It very much depends on where one lives. It shouldn't. Publishing is international. The barriers that stop this person or that being visible (Who gets reviewed? Who gets taken off the slush pile? Who is seen as saleable by agents?) operate locally, regionally, nationally and internationally however, and they’re different at each point. The closer one lives to a publishing hub and the closer one is to the mainstream culture in the hub, the fewer barriers there are.


What is your take on social media, when it comes to being an author? Do you think that an author should have at least one channel of communication with the readers?


I think it depends very much on the author. I love some types of special media and am very active on them. I also love conventions and conferences. I’ve been chatty all my life and being with people gives me energy. I need quiet time for researching and developing my work and writing, but I have an on/off switch for being with people and being alone. Some writers are always ‘on’ with anything that involves others, and they do extraordinarily well with social media. For other writers it’s a real burden. This has nothing to do with the quality of our work.

How we use social media is quite a different matter. I should write my thoughts on this down in detail one day, but right now I’m still learning what they are. How do writers maintain their privacy and even their safety on social media? Why do some writers get doxxed and others not?


What are you working on at the moment?


I’m working on two things right now, one for research and one for fiction. The research is the next step in Story Matrices. I’m examining quite specific case studies of how culture operates in fantasy novels (fairy tale retellings). I’m not even close to writing my next novel yet. I’m having so much fun on the research, though! I’ve been wondering for a while what culture ethnic and religious groups lose when they are forced to flee or when most of the people they know are murdered and all their belongings stolen. I thought this was an unanswerable question but I think I’ve found a way of describing at least some of the lost culture and how parts of it can be regained. I also think it would be extraordinary fun to write a novel where the characters are doing just that.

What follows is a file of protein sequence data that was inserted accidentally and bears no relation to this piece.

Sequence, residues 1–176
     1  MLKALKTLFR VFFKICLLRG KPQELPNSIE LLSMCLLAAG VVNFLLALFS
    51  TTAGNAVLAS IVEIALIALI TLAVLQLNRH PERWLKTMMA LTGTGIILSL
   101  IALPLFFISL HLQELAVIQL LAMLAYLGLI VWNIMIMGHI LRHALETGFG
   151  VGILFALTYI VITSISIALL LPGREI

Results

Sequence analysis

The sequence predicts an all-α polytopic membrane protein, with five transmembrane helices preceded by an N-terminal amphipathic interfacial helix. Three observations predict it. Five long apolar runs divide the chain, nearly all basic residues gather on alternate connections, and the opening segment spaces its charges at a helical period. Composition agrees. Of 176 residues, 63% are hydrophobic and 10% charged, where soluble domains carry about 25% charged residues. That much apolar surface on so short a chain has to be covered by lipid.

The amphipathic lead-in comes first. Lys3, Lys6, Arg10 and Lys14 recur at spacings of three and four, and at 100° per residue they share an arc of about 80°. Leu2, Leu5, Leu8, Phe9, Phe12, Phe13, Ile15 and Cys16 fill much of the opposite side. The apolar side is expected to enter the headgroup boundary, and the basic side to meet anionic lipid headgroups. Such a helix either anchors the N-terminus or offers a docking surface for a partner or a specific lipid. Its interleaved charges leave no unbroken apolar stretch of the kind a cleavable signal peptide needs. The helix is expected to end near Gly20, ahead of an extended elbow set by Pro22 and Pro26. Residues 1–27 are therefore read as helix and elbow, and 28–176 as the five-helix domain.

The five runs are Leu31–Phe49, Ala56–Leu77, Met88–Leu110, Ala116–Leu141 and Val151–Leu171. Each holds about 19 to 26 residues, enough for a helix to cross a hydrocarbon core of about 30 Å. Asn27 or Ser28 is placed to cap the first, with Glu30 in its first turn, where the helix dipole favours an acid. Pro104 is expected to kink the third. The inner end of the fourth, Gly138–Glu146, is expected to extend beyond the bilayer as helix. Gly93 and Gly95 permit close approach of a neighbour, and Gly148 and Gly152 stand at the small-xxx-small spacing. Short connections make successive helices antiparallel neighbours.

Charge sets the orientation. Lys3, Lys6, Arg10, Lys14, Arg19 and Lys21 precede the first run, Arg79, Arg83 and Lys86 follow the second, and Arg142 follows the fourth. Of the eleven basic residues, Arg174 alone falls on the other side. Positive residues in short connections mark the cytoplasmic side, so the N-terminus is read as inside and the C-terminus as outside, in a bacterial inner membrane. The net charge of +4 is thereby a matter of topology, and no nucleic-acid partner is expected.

About Gillian Polack:


Dr Gillian Polack is a Jewish-Australian science fiction and fantasy writer, researcher and editor and is the winner of the 2020 A Bertram Chandler Award. Her 2019 novel The Year of the Fruit Cake won the 2020 Ditmar for best novel and was shortlisted for best SF novel in the Aurealis Awards. She wrote the first Australian Jewish fantasy novel (The Wizardry of Jewish Women).


Gillian is a Medievalist/ethnohistorian, currently working on how novels transmit culture. Her work on how writers use history in their fiction (History and Fiction) was shortlisted for the William Atheling Jr Award for Criticism or Review.

You can find Gillian's fiction, The Green Children Help Out, here.


Discover Gillian's blog here, and follow her on Twitter, @GillianPolack.


Story Matrices is out April 5, 2022.

Order online on our website or in all the usual places.

Watch the YouTube Launch here, from March 24, 2022.